Aug. 8, 2011

Computers synthesize sounds -- from fire to frictional contact -- to go with graphics

Provided/Doug James
Rapid movement of heated gases generates high-frequency sounds that are an important part of the sound of fire, but computer-generated images don't simulate those details. Cornell researchers synthesize low-frequency sounds to match the graphics, then map in the highs based on the sounds of real fire.

Computer-generated imagery usually relies on recorded sound to complete the illusion. Recordings can, however, limit the range of sounds you can produce, especially in future virtual reality environments where you can't always know ahead of time what the action will be.

Doug James, associate professor of computer science, develops computer algorithms to synthesize sound "on the fly" based on simulated physics models. His research group has already invented sound synthesis methods for splashing fluids, fracturing glass and other solids, and noisy thin shells such as sheet metal.

Now they have devised methods for synthesizing more realistic sounds of hard objects colliding and the roar of fire. They report their latest work at the 2011 ACM SIGGRAPH computer graphics conference in Vancouver, Canada, Aug. 7-11.

To synthesize collision sounds, the computer calculates the forces computer-generated objects would exert if they were real, how those forces would make the objects vibrate and how those vibrations transfer to the air to make sound.

Previous efforts often assumed that the contacting objects were rigid, but "in reality, there is no such thing as a rigid object," the researchers say. Objects vibrate when they collide, which can produce further chattering and squeaking sounds. Resolving all the frictional contact events between rapidly vibrating objects is computationally expensive. To speed things up, their algorithm simulates only the fraction of contacts and vibrations needed to synthesize the sound.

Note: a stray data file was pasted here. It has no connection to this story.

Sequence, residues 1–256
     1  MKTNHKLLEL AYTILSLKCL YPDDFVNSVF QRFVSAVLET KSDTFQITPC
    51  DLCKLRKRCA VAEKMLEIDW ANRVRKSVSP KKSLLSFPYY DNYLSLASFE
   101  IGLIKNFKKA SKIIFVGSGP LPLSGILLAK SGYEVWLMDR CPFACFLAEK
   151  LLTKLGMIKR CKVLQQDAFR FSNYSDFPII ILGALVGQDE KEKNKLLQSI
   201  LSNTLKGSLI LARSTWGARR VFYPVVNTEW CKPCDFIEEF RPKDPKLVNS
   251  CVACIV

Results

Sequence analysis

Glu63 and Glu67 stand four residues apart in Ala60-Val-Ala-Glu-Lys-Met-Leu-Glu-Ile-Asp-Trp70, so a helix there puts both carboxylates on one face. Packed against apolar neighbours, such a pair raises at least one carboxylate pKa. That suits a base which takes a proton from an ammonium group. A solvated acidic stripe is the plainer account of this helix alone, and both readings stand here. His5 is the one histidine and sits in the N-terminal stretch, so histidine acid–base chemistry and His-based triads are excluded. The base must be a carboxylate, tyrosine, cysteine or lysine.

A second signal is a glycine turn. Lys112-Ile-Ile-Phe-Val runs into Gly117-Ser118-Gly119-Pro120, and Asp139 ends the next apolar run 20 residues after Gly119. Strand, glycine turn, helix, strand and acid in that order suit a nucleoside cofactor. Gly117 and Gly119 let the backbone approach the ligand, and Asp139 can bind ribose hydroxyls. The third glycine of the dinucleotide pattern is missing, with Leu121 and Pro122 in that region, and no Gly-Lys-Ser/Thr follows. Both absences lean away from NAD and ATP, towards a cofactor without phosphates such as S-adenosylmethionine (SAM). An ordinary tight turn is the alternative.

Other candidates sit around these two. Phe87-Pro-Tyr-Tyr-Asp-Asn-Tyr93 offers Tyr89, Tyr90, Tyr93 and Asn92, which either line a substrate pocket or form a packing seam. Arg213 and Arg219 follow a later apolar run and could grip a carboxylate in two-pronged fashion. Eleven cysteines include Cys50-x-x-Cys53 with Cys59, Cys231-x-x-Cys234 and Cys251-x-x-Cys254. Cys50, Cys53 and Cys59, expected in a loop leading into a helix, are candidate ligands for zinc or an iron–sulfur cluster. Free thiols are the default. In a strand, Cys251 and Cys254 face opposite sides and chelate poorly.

"If you set a box on a flat surface there are many contacts," James explained. "We identify a small set of physically faithful contacts, the simplest set that will get the job done." Similarly, the algorithm selects from many different ways the objects can vibrate, ignoring those that produce inaudible sounds.

Provided/Doug James
Pound your fist on a table and the noise will include chattering and scraping without which synthesized sound will not seem real.

Demonstrations include the sound of a ruler overhanging the edge of table and "buzzing" when plucked, pounding on a table to make dishes clatter and ring and the varied sounds of a Rube Goldberg machine that rolls marbles into a cup that moves a lever that pushes a bunny into a shopping cart that rolls downhill.

Fire is animated by mimicking the chemical reactions and fluid-like flow of burning gases. But flame sounds come from things that happen very rapidly in the expanding gases, and computer animators do not need to model those costly details to get good-looking flames.

"We can simulate the low-frequency sound for flame animations, but not all the fiery details," James explained, "so we rely on models based on real fire sounds to paint the fiery details onto the low-frequency sound." This keeps the cost down and has the added benefit of providing "style controls" based on what type of real flame sound is used as input data.

The researchers demonstrated with a fire-breathing dragon statue, a candle in the wind, a torch swinging through the air, a jet of flame injected into a small chamber and a burning brick. The last simulation was run with several variations of the sound-synthesis method, and the results compared with a high-speed video and sound recording of a real burning brick.

The flame sounds still lack some of the "whoosh" in the middle frequencies, the researchers noted, and the process is not yet ready for real-time applications, needing several hours to synthesize fire sound for a short video clip, but they say more powerful parallel hardware will help.

The research was supported in part by the National Science Foundation, The Natural Sciences and Engineering Research Council of Canada and Intel.